The effect of Medicaid premiums on enrollment: A regression discontinuity approach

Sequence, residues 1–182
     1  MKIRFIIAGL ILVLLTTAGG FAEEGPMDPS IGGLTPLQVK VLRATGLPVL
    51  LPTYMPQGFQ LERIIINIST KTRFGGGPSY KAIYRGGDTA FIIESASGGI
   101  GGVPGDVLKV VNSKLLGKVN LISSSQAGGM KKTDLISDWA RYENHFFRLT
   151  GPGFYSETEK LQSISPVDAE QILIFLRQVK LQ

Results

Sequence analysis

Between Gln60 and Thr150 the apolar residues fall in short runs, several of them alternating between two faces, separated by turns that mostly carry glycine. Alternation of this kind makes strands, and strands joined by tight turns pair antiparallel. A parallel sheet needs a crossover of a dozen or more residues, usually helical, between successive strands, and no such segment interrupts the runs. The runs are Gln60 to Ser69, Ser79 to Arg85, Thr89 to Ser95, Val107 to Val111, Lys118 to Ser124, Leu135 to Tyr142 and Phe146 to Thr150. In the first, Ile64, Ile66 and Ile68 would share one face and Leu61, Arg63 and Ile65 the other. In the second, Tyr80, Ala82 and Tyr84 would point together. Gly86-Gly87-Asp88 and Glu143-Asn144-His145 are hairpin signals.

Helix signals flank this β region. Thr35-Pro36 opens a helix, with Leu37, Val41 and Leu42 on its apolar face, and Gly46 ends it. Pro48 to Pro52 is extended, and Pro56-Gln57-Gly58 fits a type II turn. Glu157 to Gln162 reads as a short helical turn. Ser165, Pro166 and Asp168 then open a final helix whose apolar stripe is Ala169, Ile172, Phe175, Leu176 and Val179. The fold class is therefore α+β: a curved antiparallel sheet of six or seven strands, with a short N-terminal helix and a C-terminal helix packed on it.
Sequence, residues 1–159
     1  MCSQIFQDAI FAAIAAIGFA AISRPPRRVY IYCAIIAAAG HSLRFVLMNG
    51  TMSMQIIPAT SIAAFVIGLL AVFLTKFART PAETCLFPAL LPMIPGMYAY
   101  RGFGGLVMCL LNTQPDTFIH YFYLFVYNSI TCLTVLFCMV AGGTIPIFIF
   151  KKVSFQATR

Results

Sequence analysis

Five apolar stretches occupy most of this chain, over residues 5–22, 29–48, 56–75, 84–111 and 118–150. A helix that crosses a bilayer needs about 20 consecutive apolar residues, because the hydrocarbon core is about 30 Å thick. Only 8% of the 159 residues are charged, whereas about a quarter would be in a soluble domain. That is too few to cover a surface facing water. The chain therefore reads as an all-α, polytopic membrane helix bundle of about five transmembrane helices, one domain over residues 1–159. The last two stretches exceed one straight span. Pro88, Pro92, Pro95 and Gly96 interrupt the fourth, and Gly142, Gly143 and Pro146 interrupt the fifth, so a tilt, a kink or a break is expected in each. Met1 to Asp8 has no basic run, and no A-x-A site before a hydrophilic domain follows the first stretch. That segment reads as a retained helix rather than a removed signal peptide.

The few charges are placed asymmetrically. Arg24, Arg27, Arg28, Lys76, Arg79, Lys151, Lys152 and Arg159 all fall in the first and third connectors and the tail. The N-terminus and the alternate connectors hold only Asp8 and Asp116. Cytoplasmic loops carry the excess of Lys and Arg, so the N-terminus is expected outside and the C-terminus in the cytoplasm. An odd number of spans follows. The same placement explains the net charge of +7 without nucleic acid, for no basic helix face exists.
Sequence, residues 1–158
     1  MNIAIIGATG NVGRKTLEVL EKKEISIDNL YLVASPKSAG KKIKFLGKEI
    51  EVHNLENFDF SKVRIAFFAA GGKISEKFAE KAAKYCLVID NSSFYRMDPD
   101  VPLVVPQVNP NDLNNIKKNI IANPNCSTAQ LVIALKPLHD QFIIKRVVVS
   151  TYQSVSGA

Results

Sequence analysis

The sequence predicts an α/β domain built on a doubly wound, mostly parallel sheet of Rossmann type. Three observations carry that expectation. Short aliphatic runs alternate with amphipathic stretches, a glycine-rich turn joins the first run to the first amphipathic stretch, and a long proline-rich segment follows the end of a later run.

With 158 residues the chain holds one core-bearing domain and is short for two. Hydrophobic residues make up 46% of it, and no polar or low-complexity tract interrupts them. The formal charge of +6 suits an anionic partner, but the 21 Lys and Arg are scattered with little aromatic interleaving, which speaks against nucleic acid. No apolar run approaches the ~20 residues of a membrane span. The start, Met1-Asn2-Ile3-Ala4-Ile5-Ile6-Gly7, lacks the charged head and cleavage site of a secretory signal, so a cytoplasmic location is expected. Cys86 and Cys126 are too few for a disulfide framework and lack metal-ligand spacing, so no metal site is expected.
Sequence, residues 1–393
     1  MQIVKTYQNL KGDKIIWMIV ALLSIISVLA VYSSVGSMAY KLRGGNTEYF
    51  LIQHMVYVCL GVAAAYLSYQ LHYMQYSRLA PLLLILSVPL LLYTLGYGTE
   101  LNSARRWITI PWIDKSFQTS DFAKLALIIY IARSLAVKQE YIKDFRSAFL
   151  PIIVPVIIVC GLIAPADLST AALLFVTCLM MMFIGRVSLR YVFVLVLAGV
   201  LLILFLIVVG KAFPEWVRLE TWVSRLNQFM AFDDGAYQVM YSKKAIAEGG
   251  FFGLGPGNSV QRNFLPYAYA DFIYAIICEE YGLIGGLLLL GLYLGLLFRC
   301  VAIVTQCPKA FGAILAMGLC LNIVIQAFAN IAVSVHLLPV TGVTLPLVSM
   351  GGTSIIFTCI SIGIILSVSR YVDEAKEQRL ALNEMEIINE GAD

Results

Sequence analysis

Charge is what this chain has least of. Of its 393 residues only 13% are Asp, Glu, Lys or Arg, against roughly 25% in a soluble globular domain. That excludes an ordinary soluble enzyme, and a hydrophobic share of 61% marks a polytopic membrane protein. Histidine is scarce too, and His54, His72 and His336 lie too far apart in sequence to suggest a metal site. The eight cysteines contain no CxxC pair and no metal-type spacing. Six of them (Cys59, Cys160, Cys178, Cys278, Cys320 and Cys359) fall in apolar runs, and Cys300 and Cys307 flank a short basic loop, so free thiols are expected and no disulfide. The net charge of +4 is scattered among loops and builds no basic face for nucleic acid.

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This paper estimates the effect that premiums in Medicaid have on the length of enrollment of program beneficiaries. Whether and how low income-families will participate in the exchanges and in states' Medicaid programs depends crucially on the structure and amounts of the premiums they will face. I take advantage of discontinuities in the structure of Wisconsin's Medicaid program to identify the effects of premiums on enrollment for low-income families. I use a 3-year administrative panel of enrollment data to estimate these effects. I find an increase in the premium from 0 to 10 dollars per month results in 1.4 fewer months enrolled and reduces the probability of remaining enrolled for a full year by 12 percentage points, but other discrete changes in premium amounts do not affect enrollment or have a much smaller effect. I find no evidence of program enrollees intentionally decreasing labor supply in order to avoid the premiums.
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